My Ind. Study in props, need ideas!


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Hello, my name is Luke. At school I am doing an independent study in props. I plan on reading a lot of those "behind the scenes" books such as film wizardry, and page to screen. But I would also like to branch out beyond Harry Potter. Can anyone please recommend some other books of that style? Maybe a star wars one would be fun. I'm also going to be building some prop replicas for myself, if anyone can think of some cool projects (again, preferably Harry potter related, but not necessarily) that would be educational while I build them that would be very helpful. Also, this project will be costing quite a bit of money, if you can think of projects that I can possibly sell in the junkyard (for example, I would learn a lot about resin casting and paint by recasting and painting all of my Harry Potter wands, but I cannot sell those on the junkyard so I may simply not be able to afford to do that, though it would be very fun and probably look better than the crapy looking stuff NC has sold me) to at least cover some of the costs that would be WONDERFUL and you will receive mention. Lastly, for my final product I intend to assist in actually designing and building props for my high school's musical. Once the musical is announced I will come here and tell everyone what needs to be done and ask for any insight about the show, props, style, time period etc.
Any help and advice is appreciated!

PS: I was just watching a British film, forgive me if any thing is phrased a bit oddly lol
Hello, Luke.

What other props you try might depend on what other movies you like: Star Wars, Star Trek, etc.

And depending on that, we can refer you to more books. I think most tend to be movie- or series-specific.

Also, it's rare to find a 'behind the scenes' book that will tell you what a prop was made from, or how it was made.

If you're inclined to take a shop or art class, you may be able to learn prop-related skills like bookbinding, woodworking or casting metal.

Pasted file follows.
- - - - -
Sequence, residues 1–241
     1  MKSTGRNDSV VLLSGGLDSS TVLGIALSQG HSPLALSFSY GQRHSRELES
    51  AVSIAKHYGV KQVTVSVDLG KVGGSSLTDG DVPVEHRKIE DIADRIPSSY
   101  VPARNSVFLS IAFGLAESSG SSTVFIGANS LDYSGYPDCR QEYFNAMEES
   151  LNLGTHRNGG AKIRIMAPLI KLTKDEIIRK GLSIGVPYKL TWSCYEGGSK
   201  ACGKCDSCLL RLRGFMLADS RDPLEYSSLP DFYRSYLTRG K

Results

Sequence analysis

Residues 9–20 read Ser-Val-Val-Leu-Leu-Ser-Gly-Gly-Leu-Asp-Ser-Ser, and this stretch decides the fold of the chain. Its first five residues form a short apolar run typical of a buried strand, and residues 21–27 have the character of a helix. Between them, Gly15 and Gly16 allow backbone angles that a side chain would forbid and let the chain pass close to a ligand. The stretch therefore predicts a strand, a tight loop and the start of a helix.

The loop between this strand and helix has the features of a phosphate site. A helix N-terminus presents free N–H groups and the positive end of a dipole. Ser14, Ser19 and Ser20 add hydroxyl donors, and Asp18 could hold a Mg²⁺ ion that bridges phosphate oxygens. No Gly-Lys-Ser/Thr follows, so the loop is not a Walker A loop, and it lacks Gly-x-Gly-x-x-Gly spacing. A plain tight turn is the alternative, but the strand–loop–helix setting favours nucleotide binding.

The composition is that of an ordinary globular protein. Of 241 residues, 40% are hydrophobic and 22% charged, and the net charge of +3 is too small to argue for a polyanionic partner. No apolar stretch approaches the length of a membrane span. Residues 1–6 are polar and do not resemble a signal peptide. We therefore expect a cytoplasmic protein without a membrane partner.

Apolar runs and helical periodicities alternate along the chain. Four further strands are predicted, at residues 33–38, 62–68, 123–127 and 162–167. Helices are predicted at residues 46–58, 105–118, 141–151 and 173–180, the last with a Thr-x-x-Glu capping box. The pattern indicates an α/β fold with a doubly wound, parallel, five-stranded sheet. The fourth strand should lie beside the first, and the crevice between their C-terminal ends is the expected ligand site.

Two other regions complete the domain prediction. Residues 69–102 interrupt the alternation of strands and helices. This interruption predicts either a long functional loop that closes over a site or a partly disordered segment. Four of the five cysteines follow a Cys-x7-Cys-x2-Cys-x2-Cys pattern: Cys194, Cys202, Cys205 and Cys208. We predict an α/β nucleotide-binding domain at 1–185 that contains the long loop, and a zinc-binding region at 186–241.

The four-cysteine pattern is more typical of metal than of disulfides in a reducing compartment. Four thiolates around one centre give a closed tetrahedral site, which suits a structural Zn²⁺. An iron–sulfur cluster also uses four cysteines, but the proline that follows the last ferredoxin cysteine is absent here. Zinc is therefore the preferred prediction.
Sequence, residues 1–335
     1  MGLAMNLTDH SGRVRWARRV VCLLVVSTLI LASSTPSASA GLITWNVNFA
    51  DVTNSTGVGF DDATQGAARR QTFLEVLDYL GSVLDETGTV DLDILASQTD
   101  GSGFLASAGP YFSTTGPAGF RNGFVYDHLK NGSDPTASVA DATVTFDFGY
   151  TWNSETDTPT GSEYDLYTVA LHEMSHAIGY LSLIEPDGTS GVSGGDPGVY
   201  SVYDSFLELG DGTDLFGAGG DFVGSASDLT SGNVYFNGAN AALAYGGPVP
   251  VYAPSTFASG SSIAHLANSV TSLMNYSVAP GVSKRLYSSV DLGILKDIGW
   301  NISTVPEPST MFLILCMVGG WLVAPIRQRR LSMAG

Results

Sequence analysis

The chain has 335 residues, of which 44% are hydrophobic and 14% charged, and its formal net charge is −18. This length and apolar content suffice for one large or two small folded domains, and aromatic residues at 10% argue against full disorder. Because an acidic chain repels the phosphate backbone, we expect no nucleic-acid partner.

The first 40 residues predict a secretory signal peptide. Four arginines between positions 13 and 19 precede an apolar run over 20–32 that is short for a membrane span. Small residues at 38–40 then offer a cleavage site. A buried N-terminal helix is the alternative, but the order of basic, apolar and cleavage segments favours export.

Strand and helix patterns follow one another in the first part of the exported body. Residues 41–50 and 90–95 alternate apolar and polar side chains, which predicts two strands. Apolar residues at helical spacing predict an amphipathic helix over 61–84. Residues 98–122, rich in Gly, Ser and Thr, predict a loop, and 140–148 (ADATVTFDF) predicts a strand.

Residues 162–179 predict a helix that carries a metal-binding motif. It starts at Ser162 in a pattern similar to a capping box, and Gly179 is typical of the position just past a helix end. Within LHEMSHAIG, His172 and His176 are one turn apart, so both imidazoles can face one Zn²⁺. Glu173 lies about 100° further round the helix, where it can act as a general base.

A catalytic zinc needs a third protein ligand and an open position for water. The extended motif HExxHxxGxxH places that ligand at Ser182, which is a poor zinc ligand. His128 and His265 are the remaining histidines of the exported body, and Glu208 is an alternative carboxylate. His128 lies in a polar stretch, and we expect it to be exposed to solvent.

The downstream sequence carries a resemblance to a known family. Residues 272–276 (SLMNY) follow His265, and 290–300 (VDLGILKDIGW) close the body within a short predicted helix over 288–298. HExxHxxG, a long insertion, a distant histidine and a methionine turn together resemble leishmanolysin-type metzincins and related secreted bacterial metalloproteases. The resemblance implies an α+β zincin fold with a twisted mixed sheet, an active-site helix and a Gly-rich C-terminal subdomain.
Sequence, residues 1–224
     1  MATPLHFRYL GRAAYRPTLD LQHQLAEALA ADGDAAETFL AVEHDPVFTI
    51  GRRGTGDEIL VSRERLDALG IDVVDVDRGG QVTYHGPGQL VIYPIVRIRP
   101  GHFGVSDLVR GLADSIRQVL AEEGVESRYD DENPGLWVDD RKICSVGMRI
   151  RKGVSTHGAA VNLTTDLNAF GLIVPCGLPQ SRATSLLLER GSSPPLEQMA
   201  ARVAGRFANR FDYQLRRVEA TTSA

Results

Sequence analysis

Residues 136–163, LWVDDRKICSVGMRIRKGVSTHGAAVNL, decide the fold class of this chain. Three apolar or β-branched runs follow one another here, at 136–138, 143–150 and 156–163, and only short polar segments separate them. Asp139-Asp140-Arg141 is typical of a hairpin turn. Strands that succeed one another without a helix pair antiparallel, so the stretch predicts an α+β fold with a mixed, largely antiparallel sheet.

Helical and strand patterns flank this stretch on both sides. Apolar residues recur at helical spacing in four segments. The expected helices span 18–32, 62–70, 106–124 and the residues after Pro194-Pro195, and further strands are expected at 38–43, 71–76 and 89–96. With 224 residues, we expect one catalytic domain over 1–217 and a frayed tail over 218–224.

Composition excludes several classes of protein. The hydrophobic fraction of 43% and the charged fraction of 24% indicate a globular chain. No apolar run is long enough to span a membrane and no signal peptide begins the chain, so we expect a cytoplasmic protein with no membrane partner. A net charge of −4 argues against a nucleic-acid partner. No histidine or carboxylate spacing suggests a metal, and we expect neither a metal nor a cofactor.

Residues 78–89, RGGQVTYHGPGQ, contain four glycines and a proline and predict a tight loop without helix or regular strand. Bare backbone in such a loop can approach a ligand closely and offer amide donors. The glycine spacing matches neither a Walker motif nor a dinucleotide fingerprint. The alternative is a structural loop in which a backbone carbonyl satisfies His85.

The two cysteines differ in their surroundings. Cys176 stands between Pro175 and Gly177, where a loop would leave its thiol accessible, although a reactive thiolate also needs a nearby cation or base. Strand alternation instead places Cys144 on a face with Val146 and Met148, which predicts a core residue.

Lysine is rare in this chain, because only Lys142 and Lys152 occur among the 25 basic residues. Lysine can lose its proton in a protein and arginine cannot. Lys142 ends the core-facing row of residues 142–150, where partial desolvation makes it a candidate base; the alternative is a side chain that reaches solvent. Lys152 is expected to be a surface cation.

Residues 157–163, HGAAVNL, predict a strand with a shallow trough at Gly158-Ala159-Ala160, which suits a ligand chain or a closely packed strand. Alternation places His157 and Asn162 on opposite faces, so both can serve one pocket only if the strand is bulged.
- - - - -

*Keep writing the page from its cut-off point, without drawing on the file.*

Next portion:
As for something you could sell to recoup costs, I thought a small object, like a token or a charm, would be a good idea. Relatively easy and quick to create a master (compared to something larger), not a lot of silicone needed to mold it, and not a lot of resin needed to cast it.

You can get a lot of good advice here, if you ask or just observe.

Good luck.

-Mike J.
Thank you very much for your advice! I have absolutely NO idea where to even begin looking for workshops, if you know of any in the NYC area please let me know! If not, how do I even find any?
Thanks again!
Ask around - maybe one of your friends' dads has a few power tools in his garage he could teach you how to use.

Hello guys! So my first project will (hopefully) be ecl's potion book, as a warm up to that my Ind. Study guide/teacher/person (his name is Foxman, so I'll refer to him as that a lot) suggested I try to age an old yearbook, so here we are!
I'll give you a list of everything I did:
-Cut up the spine, I didn't use an exacto knife because I don't have one, but I used my REALLY sharp deer antler knife. I then beat the front and back of the book lightly with the blade. This created small holes and the waxy cover, allowing water to go through